***The Trussell Trust can analyse detailed information about the type of benefit payments people at food banks experience using data gathered from electronic food bank referrals. Electronic referrals are completed by referral agencies in the same way as traditional paper vouchers, and can collect more information about the reason behind the referral.
Additional information about the type of electronic referral due to a ‘benefit delay’ includes waiting for a first payment, waiting for a new claim to be awarded and interrupted payments. Between April 2018 and March 2019, 49% of electronic food bank referrals made due to a delay in benefits being paid were linked to Universal Credit.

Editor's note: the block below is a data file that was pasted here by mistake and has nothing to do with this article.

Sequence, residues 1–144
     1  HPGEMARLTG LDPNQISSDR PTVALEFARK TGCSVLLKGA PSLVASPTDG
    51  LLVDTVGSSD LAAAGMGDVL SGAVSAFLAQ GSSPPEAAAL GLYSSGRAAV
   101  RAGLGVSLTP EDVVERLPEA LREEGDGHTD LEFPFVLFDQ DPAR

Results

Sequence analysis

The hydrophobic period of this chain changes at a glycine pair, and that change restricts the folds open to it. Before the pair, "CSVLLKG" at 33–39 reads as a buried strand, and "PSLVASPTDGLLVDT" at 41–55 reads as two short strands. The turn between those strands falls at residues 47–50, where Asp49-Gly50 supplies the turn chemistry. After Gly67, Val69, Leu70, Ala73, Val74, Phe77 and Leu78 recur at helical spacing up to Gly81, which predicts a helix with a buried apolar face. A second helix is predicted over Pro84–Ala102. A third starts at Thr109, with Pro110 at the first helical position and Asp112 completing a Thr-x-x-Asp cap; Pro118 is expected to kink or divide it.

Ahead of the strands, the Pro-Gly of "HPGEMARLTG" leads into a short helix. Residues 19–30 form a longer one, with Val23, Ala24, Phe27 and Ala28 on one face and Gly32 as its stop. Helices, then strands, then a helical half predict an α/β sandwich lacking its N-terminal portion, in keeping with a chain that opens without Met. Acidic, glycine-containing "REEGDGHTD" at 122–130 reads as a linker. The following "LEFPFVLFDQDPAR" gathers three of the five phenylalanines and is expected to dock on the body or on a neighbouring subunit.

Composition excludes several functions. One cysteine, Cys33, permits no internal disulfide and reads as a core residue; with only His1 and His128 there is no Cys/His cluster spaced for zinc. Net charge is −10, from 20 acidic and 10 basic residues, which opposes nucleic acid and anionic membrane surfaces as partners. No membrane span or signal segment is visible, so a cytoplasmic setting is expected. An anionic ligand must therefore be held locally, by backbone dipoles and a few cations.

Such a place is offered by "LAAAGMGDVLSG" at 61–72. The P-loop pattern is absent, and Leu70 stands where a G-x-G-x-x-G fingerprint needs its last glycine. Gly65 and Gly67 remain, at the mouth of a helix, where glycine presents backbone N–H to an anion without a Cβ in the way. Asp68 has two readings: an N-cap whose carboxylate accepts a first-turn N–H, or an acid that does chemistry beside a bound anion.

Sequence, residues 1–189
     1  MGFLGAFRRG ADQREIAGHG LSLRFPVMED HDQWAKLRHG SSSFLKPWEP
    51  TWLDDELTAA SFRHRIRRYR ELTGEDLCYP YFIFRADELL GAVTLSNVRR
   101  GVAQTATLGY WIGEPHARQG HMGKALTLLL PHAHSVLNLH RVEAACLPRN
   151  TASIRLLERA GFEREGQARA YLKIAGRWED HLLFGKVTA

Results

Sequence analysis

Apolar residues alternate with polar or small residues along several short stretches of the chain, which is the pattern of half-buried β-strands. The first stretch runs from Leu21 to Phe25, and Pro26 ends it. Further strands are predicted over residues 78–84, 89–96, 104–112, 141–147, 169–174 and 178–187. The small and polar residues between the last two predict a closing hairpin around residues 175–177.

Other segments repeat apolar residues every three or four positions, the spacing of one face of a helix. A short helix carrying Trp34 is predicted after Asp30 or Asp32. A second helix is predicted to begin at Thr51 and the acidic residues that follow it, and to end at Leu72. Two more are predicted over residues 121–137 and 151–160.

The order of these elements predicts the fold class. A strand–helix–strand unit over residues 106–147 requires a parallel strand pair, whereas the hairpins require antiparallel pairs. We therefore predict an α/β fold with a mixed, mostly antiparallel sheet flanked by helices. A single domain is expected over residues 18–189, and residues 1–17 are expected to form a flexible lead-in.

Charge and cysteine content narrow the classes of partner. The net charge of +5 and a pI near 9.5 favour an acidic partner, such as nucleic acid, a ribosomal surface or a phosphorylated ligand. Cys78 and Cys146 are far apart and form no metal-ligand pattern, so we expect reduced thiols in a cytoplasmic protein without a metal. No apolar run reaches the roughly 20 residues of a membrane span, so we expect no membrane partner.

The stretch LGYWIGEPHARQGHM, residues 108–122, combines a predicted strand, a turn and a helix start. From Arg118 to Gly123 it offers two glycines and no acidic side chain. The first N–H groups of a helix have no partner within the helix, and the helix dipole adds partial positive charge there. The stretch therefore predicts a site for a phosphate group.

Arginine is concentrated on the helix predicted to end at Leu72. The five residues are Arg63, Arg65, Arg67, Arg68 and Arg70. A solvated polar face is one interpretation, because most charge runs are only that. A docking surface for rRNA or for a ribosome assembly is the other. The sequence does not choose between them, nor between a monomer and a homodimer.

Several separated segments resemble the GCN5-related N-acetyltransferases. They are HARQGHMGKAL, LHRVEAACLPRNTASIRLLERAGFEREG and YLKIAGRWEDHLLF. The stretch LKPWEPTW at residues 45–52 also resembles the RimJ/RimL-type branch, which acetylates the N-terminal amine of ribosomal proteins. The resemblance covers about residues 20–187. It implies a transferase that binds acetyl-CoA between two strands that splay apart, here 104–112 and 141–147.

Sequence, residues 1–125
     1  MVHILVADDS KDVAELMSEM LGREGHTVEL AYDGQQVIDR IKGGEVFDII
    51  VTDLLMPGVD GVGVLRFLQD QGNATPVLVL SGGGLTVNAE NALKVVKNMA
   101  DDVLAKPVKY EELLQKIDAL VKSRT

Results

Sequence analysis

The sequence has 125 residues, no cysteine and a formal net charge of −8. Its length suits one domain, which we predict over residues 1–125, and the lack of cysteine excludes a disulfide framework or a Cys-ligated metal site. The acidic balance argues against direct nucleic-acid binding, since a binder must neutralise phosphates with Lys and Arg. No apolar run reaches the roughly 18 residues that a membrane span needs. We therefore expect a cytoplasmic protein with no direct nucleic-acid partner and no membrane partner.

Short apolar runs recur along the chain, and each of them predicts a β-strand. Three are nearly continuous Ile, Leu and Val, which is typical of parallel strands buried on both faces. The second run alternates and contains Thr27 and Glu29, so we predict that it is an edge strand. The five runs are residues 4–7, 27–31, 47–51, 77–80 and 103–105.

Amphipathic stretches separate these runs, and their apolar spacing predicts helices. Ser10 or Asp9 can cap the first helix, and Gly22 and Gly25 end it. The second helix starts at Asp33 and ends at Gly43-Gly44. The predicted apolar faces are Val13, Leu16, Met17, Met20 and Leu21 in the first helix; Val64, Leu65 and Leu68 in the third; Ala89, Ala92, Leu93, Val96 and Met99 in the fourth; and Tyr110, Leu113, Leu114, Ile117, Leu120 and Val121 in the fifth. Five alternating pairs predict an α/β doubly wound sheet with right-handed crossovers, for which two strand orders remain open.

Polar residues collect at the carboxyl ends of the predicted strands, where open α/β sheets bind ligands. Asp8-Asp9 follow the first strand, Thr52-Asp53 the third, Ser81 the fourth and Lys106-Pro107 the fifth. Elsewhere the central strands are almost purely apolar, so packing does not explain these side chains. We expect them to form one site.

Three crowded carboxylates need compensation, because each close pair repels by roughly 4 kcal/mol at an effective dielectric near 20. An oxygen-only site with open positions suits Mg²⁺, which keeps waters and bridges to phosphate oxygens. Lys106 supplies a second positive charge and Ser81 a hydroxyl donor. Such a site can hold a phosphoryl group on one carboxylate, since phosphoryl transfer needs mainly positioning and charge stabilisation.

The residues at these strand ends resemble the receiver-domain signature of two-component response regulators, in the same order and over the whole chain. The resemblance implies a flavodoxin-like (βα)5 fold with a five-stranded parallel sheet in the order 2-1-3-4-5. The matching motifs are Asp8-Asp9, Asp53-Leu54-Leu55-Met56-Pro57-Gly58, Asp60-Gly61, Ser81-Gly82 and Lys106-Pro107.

About The Trussell Trust:
- The Trussell Trust is an anti-poverty charity that supports a network of more than 1,200 food bank centres across the UK.
- It takes more than food to end hunger. The Trussell Trust therefore does three things: supports its network to provide emergency food to people referred; helps food banks to provide on-site additional help or signpost people to relevant local charities to resolve the cause of referral; and brings together the experiences of hundreds of communities on the front line to challenge the structural issues that lock people in poverty, and campaign for long-term change so we can see a future without the need for food banks.
- Read more at trusselltrust.org